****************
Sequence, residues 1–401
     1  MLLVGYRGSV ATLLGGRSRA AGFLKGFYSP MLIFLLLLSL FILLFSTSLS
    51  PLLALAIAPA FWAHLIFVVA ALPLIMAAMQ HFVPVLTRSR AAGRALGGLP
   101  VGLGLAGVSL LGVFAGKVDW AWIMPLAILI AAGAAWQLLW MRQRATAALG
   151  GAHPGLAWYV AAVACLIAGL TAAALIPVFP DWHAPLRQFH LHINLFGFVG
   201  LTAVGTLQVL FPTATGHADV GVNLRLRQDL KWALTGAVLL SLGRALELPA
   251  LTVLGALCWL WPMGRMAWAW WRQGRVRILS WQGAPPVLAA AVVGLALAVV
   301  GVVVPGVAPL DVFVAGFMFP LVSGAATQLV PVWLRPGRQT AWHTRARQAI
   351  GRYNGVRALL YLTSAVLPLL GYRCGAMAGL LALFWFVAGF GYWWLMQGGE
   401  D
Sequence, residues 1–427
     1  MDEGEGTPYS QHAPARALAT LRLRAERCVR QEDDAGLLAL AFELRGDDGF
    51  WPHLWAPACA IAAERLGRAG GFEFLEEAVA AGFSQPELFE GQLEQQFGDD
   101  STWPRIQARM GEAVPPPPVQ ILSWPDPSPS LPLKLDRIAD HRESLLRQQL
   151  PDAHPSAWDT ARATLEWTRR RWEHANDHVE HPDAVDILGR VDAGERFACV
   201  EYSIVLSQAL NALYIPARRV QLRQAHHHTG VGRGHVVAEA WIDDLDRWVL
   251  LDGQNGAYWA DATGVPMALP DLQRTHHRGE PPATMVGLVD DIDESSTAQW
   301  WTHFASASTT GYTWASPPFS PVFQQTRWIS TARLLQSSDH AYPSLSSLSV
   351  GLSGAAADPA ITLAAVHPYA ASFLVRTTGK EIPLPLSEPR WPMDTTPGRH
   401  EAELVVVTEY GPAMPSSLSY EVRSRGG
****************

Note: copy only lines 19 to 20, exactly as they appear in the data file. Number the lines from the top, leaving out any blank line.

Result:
   351  GLSGAAADPA ITLAAVHPYA ASFLVRTTGK EIPLPLSEPR WPMDTTPGRH
   401  EAELVVVTEY GPAMPSSLSY EVRSRGG